Care for Your Bees, and Your Loved Ones
Dear Mr. Makovec,
I so appreciate your very touching, and oh so true, article in this month’s ABJ edition [From the Editor, April]. So often we believe we know what will happen until something unexpected happens. Such as a traumatic loss. As you eloquently and empathetically stated, it’s important not to take one’s bees and/or other loved ones for granted.
Elkins Park, Pennsylvania
Queen Marking Tips
When I was producing and selling queens my crew marked hundreds of thousands of queens. This is the method we used. First, we used hobby paint or nail polish. If you ever built a model airplane you know what I am talking about. Take the top of the container and cut a cork to fit into the bottle. Take a small drill and drill a hole in the cork. Take a coat hanger and cut to your desired length (3 to 4 inches long) File the end down so that it is flat. Place the rod in the cork and when you pull it out it wipes any excess paint off the sides of the rod. Perfect amount of paint to place on the thorax.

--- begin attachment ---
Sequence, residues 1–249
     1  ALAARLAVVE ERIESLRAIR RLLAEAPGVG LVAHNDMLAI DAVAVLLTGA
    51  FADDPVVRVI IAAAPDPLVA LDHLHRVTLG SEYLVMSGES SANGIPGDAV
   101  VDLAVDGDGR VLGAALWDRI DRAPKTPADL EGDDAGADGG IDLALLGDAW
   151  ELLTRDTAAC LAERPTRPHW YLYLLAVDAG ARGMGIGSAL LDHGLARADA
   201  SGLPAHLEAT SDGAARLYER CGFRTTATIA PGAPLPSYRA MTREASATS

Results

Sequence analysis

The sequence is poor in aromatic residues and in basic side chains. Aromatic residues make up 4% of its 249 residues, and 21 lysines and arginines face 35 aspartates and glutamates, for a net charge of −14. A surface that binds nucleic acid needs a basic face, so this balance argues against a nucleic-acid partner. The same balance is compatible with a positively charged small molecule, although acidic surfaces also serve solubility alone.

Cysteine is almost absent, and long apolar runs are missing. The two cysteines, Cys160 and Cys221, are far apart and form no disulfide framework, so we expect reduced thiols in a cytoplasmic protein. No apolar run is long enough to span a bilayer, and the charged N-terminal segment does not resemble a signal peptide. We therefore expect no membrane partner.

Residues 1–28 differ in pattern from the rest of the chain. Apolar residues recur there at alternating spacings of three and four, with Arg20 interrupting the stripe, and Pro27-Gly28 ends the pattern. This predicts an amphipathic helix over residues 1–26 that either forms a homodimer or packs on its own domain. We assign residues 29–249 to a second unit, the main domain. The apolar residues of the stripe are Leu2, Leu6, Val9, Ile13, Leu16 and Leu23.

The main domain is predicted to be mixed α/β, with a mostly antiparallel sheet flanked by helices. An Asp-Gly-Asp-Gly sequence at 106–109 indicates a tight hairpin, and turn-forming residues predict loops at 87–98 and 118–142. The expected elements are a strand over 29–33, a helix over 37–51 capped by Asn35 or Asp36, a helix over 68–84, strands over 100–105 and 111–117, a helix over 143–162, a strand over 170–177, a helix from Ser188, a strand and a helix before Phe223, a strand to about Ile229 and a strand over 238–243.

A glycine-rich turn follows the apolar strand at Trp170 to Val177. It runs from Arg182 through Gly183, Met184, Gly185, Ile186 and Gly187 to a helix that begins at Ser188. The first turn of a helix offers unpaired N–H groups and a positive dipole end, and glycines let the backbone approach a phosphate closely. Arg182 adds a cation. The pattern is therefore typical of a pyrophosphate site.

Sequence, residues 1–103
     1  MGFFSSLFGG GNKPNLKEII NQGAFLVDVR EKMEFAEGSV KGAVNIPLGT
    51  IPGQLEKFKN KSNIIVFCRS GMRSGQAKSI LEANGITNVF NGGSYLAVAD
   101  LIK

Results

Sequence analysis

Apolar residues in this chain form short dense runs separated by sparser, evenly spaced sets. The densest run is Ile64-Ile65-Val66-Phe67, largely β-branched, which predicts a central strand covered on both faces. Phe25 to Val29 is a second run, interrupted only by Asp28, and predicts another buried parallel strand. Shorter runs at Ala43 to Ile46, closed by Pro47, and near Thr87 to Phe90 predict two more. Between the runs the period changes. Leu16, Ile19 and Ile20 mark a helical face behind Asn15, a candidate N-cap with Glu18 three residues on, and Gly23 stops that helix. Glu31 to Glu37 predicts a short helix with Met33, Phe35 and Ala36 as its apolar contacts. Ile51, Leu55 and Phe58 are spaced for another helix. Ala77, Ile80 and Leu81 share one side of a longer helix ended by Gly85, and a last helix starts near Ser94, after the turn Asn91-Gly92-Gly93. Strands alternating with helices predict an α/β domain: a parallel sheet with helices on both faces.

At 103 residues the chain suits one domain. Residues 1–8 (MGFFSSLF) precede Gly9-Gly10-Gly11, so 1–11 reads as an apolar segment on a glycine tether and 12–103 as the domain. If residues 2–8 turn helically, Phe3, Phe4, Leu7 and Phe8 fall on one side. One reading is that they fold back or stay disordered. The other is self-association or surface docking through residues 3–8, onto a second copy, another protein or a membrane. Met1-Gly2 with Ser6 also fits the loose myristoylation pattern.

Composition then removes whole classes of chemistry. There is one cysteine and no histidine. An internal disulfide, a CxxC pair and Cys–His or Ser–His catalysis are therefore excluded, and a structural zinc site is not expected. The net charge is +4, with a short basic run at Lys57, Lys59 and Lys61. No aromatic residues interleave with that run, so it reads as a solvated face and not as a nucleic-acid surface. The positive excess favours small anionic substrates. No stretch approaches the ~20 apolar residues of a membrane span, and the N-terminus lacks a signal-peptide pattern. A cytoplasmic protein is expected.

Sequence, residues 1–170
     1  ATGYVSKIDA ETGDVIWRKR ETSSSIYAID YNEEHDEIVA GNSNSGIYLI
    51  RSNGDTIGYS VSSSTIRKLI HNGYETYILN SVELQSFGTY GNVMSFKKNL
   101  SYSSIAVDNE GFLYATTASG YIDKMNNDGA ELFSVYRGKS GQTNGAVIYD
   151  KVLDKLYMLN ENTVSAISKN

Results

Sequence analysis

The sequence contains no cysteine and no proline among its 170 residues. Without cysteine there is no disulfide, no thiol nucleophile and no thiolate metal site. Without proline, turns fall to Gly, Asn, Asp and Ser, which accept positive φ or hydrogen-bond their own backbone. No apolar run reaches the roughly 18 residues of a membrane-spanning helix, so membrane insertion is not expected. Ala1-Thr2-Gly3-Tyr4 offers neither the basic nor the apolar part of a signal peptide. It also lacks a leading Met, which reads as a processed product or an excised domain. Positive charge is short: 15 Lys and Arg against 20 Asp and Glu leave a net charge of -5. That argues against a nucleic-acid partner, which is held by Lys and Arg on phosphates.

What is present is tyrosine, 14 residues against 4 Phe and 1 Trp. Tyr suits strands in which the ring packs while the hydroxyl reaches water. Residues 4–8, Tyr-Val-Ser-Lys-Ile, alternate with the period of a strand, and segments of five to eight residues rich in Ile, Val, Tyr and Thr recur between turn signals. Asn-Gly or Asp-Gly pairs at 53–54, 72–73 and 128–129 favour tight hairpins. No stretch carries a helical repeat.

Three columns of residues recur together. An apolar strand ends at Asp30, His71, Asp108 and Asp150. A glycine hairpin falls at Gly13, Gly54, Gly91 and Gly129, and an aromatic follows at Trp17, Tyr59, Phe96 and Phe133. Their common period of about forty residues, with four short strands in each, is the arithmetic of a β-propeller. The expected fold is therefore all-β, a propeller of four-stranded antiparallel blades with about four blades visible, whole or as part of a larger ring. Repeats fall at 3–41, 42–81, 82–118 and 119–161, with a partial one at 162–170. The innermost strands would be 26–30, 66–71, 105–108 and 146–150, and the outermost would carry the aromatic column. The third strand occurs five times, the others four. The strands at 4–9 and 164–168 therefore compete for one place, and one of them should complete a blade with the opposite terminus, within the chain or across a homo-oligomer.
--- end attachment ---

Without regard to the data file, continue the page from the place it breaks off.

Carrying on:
One can practice painting with drones. Fast and easy and we never had a complaint.
Now, if you seldom mark queens, take a Q-Tip and cut cotton off the end. Touch the tip into the paint, now touch the thorax with the tip.
If you have a better method, use it.
The Cost to Begin Beekeeping
Rusty Burlew’s cost article in the May issue was a delight. She hit the nail right on the head. Though I’m only going into my third year of having bees I could relate to many of the points she made to the extent of laughter. Blessings on you and her for such a delightful and informative magazine.
Mike McClain in East Texas